Excavating in Sudan: Catch a Glimpse

Our team, from the National Corporation for Antiquities and Museums, Sudan together with the British Museum, UK  have been excavating in the Berber-Abidiya region of Sudan at Dangeil since 2000.  Excavations have revealed a previously unknown temple of the 1st century AD dedicated to Amun, the Nubian Kushite god of kingship. A number of surprising discoveries have been made there foremost being the find of fragments of four royal statues of  the 7th century BC which were found mixed together in the destruction phase of the later Amun temple. These possibly originated in a statue cache and included a large, striding granite figure of Taharqo, who ruled Egypt as a pharaoh of the 25th Dynasty, and two of his successors Senkamanisken and possibly Aspelta who is shown here in the image.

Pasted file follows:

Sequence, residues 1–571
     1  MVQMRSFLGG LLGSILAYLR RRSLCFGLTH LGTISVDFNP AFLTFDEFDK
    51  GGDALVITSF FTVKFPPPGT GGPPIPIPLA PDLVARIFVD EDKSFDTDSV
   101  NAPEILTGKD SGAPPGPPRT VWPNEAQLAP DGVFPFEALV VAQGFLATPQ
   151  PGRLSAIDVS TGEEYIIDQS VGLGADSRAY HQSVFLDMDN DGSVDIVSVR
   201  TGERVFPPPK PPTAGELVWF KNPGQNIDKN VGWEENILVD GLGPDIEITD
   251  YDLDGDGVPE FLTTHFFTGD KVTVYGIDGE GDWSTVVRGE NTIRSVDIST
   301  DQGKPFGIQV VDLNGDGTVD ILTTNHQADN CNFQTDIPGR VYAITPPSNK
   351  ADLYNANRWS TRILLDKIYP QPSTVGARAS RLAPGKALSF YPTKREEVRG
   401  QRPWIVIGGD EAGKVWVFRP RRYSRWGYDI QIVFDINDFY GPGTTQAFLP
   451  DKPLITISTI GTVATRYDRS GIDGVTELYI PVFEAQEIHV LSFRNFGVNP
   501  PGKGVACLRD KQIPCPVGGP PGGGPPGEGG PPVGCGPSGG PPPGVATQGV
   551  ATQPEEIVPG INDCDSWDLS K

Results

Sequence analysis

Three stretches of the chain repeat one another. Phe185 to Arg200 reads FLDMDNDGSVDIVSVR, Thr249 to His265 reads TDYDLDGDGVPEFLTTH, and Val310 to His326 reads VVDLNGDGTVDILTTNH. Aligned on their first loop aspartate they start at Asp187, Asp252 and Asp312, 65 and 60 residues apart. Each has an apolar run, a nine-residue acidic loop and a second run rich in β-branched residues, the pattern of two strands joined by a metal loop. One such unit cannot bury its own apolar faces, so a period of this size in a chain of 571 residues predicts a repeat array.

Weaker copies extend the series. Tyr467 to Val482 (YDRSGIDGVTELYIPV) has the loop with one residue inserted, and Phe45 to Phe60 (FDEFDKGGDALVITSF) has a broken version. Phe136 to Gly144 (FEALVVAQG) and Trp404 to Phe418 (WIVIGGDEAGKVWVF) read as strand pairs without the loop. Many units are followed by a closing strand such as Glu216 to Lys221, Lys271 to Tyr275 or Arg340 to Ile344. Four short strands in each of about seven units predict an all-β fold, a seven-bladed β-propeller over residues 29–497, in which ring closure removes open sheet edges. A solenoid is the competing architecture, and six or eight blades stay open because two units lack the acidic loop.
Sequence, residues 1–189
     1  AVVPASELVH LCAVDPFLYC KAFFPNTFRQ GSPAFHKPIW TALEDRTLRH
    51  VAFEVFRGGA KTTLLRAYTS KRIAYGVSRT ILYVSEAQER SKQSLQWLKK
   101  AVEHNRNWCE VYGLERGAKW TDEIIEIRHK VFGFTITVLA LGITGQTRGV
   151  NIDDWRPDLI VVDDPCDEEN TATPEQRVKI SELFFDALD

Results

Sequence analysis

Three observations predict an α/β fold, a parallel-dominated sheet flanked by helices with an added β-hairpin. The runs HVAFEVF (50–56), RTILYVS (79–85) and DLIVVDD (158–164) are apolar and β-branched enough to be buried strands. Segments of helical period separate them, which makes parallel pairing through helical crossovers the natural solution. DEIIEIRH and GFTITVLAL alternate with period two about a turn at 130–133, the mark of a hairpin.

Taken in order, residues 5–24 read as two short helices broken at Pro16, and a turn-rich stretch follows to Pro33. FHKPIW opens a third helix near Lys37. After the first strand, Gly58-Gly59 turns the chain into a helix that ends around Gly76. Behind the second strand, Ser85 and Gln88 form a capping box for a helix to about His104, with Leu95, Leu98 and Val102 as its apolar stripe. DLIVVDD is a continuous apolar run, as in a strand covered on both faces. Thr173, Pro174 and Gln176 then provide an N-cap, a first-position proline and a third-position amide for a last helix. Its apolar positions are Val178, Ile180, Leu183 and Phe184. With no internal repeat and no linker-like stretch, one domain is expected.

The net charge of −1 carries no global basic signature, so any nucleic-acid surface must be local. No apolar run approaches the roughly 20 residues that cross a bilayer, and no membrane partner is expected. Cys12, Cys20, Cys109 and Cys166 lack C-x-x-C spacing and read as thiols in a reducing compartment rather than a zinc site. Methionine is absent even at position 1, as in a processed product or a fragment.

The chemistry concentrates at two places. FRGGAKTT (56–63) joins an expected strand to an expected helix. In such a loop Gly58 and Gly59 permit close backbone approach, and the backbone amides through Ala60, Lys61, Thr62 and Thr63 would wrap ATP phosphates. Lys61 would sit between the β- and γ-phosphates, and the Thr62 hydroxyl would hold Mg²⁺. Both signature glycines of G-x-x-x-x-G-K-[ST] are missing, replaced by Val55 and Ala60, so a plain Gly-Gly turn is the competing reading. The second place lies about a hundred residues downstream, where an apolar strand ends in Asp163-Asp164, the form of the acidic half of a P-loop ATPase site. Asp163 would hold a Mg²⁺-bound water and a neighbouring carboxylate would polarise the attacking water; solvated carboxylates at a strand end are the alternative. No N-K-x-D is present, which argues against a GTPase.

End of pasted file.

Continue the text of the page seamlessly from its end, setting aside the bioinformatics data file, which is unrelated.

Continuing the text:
Until very recently, it has been difficult to live broadcast/tweet/blog/etc. results of our excavations while working in the field. Electricity, mobile phones and the internet are recent arrivals to the area. Normally we excavate in the autumn when temperatures in northern Sudan are a bit cooler.  To get a flavour of our work, just in time for the Day of Archaeology, and with the fantastic assistance of the Web Team at the British Museum, our project web site, the product of many ‘days of archaeology’, has just gone live and highlights of our recent excavations at the site can now be shared more widely: